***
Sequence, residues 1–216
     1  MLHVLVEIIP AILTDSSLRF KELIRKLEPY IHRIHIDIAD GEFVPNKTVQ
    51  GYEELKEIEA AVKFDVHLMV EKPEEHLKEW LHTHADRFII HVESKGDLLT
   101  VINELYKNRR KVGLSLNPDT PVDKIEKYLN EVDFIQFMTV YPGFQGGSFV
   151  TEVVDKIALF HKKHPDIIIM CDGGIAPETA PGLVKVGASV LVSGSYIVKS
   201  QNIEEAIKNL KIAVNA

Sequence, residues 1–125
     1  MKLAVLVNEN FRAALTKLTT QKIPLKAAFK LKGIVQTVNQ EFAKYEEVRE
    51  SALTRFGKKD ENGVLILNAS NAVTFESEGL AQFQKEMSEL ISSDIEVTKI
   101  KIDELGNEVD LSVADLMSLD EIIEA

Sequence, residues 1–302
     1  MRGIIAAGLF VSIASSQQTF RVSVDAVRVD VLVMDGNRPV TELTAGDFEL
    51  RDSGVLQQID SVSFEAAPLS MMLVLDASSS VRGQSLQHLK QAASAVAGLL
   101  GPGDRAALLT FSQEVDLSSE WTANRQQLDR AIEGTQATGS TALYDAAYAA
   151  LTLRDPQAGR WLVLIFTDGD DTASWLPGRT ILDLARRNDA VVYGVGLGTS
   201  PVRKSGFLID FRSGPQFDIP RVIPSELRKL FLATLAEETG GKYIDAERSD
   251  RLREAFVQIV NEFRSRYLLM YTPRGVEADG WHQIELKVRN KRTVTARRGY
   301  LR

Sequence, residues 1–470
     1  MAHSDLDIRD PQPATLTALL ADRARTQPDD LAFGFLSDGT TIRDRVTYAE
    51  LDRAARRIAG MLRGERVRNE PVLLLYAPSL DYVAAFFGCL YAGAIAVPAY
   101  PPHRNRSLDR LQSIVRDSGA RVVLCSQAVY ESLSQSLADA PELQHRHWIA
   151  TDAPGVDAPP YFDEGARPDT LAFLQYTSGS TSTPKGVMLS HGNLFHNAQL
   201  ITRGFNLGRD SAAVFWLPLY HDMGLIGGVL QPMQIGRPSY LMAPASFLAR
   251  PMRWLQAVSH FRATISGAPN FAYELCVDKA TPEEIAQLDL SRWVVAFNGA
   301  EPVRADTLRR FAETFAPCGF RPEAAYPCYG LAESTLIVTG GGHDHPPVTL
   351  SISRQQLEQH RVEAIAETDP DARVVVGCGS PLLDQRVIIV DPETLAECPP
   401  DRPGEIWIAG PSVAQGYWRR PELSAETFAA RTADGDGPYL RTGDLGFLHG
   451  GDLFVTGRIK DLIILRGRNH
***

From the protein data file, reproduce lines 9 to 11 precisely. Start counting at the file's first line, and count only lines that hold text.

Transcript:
    51  SALTRFGKKD ENGVLILNAS NAVTFESEGL AQFQKEMSEL ISSDIEVTKI
   101  KIDELGNEVD LSVADLMSLD EIIEA

Sequence, residues 1–302